Arunadatta, Aruṇadatta: 5 definitions
Arunadatta means something in Hinduism, Sanskrit. If you want to know the exact meaning, history, etymology or English translation of this term then check out the descriptions on this page. Add your comment or reference to a book if you want to contribute to this summary article.
Ayurveda (science of life)Source: archive.org: Vagbhata’s Ashtanga Hridaya Samhita (first 5 chapters)
Aruṇadatta (अरुणदत्त) is the author of the Sarvāṅgasundarī or Sundarā: a commentary on the Aṣṭāṅgahṛdayasaṃhitā: one of the three great works of Vāgbhaṭa.—The Aṣṭāṅgahṛdayasaṃhitā consists only of verses. The eight-fold division is observed in the Aṣṭāṅgahṛdayasaṃhitā too, though not as strictly as in the Aṣṭāṅgasaṃgraha. Numerous commentaries on the Aṣṭāṅgahṛdayasaṃhitā [viz., Aruṇadatta’s Sarvāṅgasundarī], many of them unedited so far, can be traced in manuscripts, catalogues, publishers’ lists, etc.
Aruṇadatta was the son of Mṛgāṅkadatta and probably hailed from North-India. Besides the Sarvāṅgasundarī, he appears to have written a commentary on Suśruta and, as will presently be seen, on the Aṣṭāṅgasaṃgraha.
Āyurveda (आयुर्वेद, ayurveda) is a branch of Indian science dealing with medicine, herbalism, taxology, anatomy, surgery, alchemy and related topics. Traditional practice of Āyurveda in ancient India dates back to at least the first millenium BC. Literature is commonly written in Sanskrit using various poetic metres.
Languages of India and abroad
Sanskrit dictionarySource: Cologne Digital Sanskrit Dictionaries: Aufrecht Catalogus Catalogorum
1) Aruṇadatta (अरुणदत्त) as mentioned in Aufrecht’s Catalogus Catalogorum:—lexicographer and grammarian. Quoted by Ujjvaladatta and Rāyamukuṭa. See Gaṇaratnamahodadhi p. 119.
2) Aruṇadatta (अरुणदत्त):—Manuṣyālayacandrikā archit. Oppert. 2658. 2942. 6108.
3) Aruṇadatta (अरुणदत्त):—son of Mṛgāṅkadatta: Sarvāṅgasundarī Aṣṭāṅgahṛdayaṭīkā. Suśrutaṭīkā. NW. 594. Sūcīpattra. 25.Source: Cologne Digital Sanskrit Dictionaries: Monier-Williams Sanskrit-English Dictionary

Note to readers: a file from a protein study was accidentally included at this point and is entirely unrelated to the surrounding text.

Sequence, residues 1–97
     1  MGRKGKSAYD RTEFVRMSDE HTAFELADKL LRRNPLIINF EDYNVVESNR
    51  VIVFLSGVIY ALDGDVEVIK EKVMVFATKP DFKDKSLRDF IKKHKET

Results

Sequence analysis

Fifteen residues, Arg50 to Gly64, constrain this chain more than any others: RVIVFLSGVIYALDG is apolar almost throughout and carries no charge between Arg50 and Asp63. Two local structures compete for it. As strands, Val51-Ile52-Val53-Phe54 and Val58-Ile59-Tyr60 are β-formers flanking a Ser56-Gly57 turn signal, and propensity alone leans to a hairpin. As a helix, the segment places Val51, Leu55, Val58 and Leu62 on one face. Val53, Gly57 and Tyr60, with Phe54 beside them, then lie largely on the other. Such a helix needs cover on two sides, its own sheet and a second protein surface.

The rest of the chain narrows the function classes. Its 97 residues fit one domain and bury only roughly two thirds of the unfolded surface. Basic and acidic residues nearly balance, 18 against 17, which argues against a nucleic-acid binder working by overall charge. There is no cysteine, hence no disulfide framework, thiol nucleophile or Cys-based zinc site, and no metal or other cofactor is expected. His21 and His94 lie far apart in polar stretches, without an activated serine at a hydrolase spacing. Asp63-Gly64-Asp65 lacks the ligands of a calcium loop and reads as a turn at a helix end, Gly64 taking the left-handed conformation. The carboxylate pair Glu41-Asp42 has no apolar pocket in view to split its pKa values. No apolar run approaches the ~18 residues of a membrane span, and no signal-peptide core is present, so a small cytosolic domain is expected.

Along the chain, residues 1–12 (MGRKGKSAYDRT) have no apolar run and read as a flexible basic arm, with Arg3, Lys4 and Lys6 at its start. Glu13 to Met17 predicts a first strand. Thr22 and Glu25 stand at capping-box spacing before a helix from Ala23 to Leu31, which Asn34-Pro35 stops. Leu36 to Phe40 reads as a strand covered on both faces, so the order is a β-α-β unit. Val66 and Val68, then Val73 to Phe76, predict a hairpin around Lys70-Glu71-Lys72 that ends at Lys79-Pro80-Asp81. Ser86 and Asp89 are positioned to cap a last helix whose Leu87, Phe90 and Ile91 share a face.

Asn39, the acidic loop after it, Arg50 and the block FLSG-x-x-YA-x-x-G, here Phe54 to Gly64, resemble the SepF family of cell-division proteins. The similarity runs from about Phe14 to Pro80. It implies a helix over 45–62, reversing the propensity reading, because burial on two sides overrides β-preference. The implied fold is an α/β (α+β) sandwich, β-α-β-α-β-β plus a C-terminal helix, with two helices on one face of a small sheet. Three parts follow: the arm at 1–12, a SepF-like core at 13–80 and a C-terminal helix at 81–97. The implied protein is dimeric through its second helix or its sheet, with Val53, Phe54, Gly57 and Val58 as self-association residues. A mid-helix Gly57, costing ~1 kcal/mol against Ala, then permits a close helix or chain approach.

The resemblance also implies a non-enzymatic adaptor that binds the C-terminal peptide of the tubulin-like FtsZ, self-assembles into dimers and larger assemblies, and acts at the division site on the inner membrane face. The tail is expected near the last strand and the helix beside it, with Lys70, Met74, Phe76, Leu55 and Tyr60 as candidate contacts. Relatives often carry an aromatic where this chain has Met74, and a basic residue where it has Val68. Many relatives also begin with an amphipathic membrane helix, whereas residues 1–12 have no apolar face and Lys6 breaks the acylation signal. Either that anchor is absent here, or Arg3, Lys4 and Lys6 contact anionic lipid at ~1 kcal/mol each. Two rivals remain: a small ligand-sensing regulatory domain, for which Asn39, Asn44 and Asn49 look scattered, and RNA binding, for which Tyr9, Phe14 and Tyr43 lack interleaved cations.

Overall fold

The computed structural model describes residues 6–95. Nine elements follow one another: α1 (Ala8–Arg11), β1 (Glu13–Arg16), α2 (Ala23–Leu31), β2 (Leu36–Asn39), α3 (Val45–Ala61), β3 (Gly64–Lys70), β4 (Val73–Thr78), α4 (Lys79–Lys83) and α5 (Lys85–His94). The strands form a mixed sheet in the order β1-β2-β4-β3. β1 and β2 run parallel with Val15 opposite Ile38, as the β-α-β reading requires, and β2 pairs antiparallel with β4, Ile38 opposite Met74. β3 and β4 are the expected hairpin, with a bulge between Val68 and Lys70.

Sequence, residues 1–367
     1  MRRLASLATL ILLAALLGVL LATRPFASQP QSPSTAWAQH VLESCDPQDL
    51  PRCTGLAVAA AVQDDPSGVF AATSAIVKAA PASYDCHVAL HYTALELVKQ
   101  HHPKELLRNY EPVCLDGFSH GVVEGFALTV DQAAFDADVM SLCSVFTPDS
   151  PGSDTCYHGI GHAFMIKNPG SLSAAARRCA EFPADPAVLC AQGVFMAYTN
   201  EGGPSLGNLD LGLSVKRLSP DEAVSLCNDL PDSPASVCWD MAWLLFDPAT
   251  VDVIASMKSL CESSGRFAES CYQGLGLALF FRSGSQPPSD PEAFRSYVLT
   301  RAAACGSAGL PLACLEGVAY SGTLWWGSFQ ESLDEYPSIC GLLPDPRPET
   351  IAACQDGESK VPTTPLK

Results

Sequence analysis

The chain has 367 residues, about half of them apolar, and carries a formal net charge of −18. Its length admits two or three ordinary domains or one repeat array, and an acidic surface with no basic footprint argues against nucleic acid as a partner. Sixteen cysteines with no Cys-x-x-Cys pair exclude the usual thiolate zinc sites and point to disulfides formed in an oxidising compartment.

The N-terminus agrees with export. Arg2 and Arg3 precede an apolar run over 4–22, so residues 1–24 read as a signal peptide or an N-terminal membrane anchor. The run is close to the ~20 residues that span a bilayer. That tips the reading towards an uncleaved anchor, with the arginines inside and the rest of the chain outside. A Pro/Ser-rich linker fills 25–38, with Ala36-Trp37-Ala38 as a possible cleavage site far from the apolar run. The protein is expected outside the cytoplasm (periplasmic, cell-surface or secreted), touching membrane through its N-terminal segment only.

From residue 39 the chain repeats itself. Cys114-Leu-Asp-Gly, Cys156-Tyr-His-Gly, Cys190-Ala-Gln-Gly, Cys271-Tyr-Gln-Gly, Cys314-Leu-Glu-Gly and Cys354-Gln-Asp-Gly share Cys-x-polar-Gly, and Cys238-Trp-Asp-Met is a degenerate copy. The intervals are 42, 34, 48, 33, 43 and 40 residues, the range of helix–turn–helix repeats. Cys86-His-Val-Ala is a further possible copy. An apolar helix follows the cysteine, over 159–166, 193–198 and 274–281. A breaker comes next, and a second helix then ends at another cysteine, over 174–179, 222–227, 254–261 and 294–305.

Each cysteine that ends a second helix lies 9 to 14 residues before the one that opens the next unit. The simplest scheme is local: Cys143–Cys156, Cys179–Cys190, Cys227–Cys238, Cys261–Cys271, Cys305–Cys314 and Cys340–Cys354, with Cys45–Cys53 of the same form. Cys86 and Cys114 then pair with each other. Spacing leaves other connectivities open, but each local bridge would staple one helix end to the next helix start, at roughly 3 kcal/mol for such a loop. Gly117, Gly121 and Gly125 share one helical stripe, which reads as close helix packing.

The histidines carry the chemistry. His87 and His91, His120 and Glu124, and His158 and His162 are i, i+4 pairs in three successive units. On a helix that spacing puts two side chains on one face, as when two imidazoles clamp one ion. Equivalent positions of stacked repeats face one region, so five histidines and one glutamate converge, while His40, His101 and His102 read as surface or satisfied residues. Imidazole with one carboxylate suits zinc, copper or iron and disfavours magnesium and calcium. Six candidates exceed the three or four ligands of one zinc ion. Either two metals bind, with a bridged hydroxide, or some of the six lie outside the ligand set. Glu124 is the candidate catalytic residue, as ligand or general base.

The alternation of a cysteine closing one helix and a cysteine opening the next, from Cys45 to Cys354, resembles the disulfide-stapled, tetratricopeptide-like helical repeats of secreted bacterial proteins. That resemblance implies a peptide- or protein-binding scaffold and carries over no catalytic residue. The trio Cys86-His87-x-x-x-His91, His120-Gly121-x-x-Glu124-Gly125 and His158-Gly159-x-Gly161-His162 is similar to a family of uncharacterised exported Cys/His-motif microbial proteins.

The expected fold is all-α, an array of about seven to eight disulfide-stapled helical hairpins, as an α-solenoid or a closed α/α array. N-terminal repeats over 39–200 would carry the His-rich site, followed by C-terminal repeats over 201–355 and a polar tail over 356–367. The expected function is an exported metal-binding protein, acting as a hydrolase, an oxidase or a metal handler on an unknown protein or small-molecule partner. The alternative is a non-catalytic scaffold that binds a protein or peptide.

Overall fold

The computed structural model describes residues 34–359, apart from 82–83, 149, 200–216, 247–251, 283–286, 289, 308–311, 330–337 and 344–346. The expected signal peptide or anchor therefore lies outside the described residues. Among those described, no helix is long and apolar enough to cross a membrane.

Aruṇadatta (अरुणदत्त):—[=aruṇa-datta] [from aruṇa] m. Name of an author [commentator or commentary] on [Uṇādi-sūtra iii, 159;iv, 117 and 184.]
[Sanskrit to German]
Sanskrit, also spelled संस्कृतम् (saṃskṛtam), is an ancient language of India commonly seen as the grandmother of the Indo-European language family (even English!). Closely allied with Prakrit and Pali, Sanskrit is more exhaustive in both grammar and terms and has the most extensive collection of literature in the world, greatly surpassing its sister-languages Greek and Latin.
See also (Relevant definitions)
Ends with: Varunadatta.
Full-text (+36): Mrigankadatta, Sarvangasundari, Ashtangahridayasamhita, Janakatantra, Manushyalayacandrika, Kharanada, Ashtangasamgraha, Aruna, Bhattaraka harishcandra, Tirita, Gariyas, Sundara, Mrishta, Shringaverambu, Aushadha, Vayas, Kshanadi, Pinasa, Satushara, Acchasura.
Search found 4 books and stories containing Arunadatta, Aruṇadatta, Aruna-datta, Aruṇa-datta; (plurals include: Arunadattas, Aruṇadattas, dattas). You can also click to the full overview containing English textual excerpts. Below are direct links for the most relevant articles:
History of Indian Medicine (and Ayurveda) (by Shree Gulabkunverba Ayurvedic Society)
Chapter 10 - The Pupils of Atreya < [Part 1 - The History of Medicine in India]
Chapter 7 - The Story of Dridhabala < [Part 1 - The History of Medicine in India]
Chapter 9 - Commentators of Caraka Samhita < [Part 1 - The History of Medicine in India]
Philosophy of Charaka-samhita (by Asokan. G)
The locations, qualities, and the functions of the doṣas < [Chapter 3 - Fundamental Theories]
A History of Indian Philosophy Volume 2 (by Surendranath Dasgupta)
Sushruta Samhita, volume 1: Sutrasthana (by Kaviraj Kunja Lal Bhishagratna)